University of Virginia

The $3,600 solution for student loans

The hot topic of the current season is whether or not Congress should extend the subsidized (lower) interest rate on need-based Stafford loans to college students beyond the July 1 expiration date.  The subsidized rate is currently 3.4%.  After July 1, all loans will be at 6.8%, which is what the unsubsidized loan rate is at present.

But this argument totally  misses the point about student financial aid.  First, loans are not financial aid in the sense that a grant or scholarship is.  Do you call your mortgage or car loan aid? Of course not, they are just a payment plan.  That’s all a student loan is.

Second, student loan terms don’t call for payments to begin until months after the student has graduated.  The rate could be 0% or 20%, and the cash help to the student today is exactly the same.  What the student receives today is the assistance in the form of the principal amount of the loan being paid to the college he or she is attending.  The interest rate on that loan is irrelevant today.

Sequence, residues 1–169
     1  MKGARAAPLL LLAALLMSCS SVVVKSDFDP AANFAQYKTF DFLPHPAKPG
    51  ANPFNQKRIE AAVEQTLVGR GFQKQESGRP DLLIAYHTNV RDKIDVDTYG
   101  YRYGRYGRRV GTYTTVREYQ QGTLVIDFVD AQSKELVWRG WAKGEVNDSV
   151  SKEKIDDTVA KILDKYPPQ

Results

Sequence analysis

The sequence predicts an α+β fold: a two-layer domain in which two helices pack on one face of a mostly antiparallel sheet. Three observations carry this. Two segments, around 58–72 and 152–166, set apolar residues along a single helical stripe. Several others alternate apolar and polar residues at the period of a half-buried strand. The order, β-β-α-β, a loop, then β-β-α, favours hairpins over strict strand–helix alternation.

Finally, is this good public policy?  Move ahead four years, two graduates earn their diplomas.  One has parents who qualified for need-based aid, one does not.  Why does the first student deserve a lower interest rate on his loan going forward?  They each are competing for jobs in the marketplace, using their education and experiences and talents to make a living.  Does it make sense to handicap their financial futures in such a way?

Here’s a better solution.  What is the lower interest rate on a ten year loan that starts repayment after graduation worth to a student today? Answer: $3,600.  So let’s give students that qualify for need based student loans $3,600 in aid today, and let everyone pay the same rate after graduation.